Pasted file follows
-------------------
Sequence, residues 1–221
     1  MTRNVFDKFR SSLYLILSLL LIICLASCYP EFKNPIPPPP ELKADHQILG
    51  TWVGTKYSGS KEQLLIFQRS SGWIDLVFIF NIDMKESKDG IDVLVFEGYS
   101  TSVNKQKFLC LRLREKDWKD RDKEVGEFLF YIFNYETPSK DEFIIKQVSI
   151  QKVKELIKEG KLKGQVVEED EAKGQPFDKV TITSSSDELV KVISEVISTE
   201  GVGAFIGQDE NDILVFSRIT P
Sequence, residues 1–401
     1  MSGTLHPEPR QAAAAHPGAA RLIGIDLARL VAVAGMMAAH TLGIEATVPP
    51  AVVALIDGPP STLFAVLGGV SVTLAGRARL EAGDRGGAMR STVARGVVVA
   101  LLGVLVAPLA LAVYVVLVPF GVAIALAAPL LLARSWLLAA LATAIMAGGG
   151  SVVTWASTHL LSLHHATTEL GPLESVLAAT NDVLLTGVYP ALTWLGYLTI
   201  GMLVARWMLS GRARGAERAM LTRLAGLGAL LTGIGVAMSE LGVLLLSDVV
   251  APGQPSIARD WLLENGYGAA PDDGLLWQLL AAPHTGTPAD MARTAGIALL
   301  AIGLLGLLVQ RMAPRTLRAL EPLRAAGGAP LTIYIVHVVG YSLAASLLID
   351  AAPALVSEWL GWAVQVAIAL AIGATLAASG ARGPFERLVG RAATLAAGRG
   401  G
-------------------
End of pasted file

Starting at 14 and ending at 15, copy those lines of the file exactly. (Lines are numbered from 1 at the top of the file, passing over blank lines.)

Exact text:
   301  AIGLLGLLVQ RMAPRTLRAL EPLRAAGGAP LTIYIVHVVG YSLAASLLID
   351  AAPALVSEWL GWAVQVAIAL AIGATLAASG ARGPFERLVG RAATLAAGRG